Congress Ready to Act on USOC
Prompted by the U.S. Olympic Committee’s leadership crisis, an influential U.S. Senate panel made it plain Tuesday that Congress intends to take a far more direct role in overseeing USOC operations with the aim of fixing a structure and culture that panel members said too often diverts attention from athletes.
Sen. John McCain (R-Ariz.), chairman of the U.S. Senate Commerce Committee, said that Congress, which in 1978 gave the USOC authority in this country for Olympic sports, has -- if belatedly -- recognized that the USOC in recent years has become a “big-money organization,” and that a 25-year-old model may no longer suit the interests of U.S. athletes, sponsors and other Olympic stakeholders.
McCain said he intends to call another hearing within the month to “look beyond the organization’s current leadership woes.” Sen. Ben Nighthorse Campbell (R-Colo.), a 1964 U.S. Olympian in judo, said the next hearing could come as soon as two weeks. And Sen. Ted Stevens (R-Alaska), architect of the 1978 Amateur Sports Act, pointedly warned USOC officials summoned Tuesday to Washington, “The USOC is chartered by Congress, and Congress has the power to revoke that charter.”
The remarks came amid a three-hour hearing punctuated by invective and rancorous exchanges and at least a dozen uses of the word “dysfunctional” and left the USOC’s direction, near and long term, marked with uncertainties. International Olympic Committee President Jacques Rogge, in his first public comments on what he called “recent developments” involving the USOC, on Tuesday called the matter “worrying.”
The hearing was called in the aftermath of an ethics inquiry into USOC Chief Executive Lloyd Ward that has since prompted the resignations of five USOC officials, a demand for President Marty Mankamyer’s resignation, a call by a top Olympic sponsor for a full audit of the USOC’s books -- and induced institutional paralysis within the USOC’s top leadership, with the management tumult superseding virtually all other meaningful activity for the last several weeks, and no clear end in sight.
“A very, very unpleasant situation,” McCain said.
“Scandal seems to follow the United States Olympic Committee like dogs follow a meat wagon,” Sen. Ron Wyden (D-Ore.) said, calling for “top-to-bottom restructuring.”
Campbell said the “whole sordid mess,” which he also called an “Olympic-sized food fight,” has left the Olympic motto -- citius, altius, fortius -- in danger of being subverted, changed to “citius, altius, fortius and devious.” Though he had long resisted congressional oversight, he said “a little more governmental oversight may not be a bad idea.”
Sen. John Breaux (D-La.) urged the USOC to follow up, and soon, on a proposal to appoint a special independent panel to review all the circumstances of the ethics inquiry into Ward’s conduct, and the aftermath.
The ethics inquiry was sparked by Ward’s move last year to direct USOC staff to make introductions in the Dominican Republic, site of the 2003 Pan American Games, on behalf of a Detroit company, Energy Management Technologies, with ties to his brother and a friend.
A USOC ethics board found that Ward had committed two violations of the USOC ethics code, including the creation of the “appearance of a conflict of interest,” but its report did not recommend any disciplinary action, and on Jan. 13 the executive committee took none.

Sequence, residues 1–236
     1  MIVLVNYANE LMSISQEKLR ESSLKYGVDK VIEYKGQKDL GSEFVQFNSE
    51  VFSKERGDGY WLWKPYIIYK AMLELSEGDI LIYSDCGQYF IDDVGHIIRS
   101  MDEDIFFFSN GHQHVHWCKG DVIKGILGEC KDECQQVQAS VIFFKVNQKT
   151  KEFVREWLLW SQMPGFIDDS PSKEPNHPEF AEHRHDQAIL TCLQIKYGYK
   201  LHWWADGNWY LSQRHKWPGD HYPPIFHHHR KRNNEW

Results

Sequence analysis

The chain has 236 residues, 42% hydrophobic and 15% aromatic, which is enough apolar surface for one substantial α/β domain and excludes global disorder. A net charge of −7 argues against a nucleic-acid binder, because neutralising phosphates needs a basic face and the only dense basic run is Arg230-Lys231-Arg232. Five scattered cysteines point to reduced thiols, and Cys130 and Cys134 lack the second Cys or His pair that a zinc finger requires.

An “error in judgment,” Ward called it again Tuesday.
At the same time, he also said, “I wasn’t as clear then as I am now that the USOC culture is one of ‘I gotcha,’ ” adding that “at no point” did anyone within the USOC advise him he might be in ethical peril.
Patrick Rodgers, the USOC’s former ethics officer, one of the five who has resigned since Jan. 13, testified that “in the ethics business, individuals who violate ethical standards historically blame everybody else. I think this is an absolute classic case of ‘it’s everybody else’s fault, not Mr. Ward’s.’ ”
Ward and Rodgers engaged in a number of exchanges Tuesday, with Ward saying at one point that Rodgers was spreading “half-truths, misrepresentations [and] innuendoes,” and engaging in a “personal vendetta.”
Ward also said in a written statement that he “was offered the opportunity to walk away from all of this emotional turmoil with a very attractive financial statement if I would simply go quietly,” adding, “I refused.” He was not available after the hearing for elaboration.
Beyond the prospect of another hearing before Congress, the most immediate concern for the USOC is last week’s call, issued by seven members of the executive committee, five vice presidents and others, for Mankamyer’s resignation. She reiterated Tuesday her vow to stay on, suggesting that those seven had acted with “sort of a mob mentality” and noting that if she stepped down “one of the seven would take my place.”
A Feb. 8 executive committee meeting in Chicago is still scheduled. The lead item on the agenda: Mankamyer’s future. If the executive committee issues a no-confidence vote, the matter would then be referred to the 120-member USOC board of directors in April, perhaps sooner.
Both Ward and Mankamyer appeared at Tuesday’s hearings with attorneys, and it remains highly uncertain if fractures in their relationship -- and in others within the USOC -- can be healed. On Monday, behind-the-scenes talks were held with the idea of producing a joint statement, signed by both Ward and Mankamyer, to be submitted to Congress -- but it foundered on the officers’ call for her resignation.
“It’s been a very unhappy hearing,” McCain said in conclusion, adding, “I intend to exercise oversight,” to reorganize the USOC and ensure “this kind of situation” won’t “arise again.”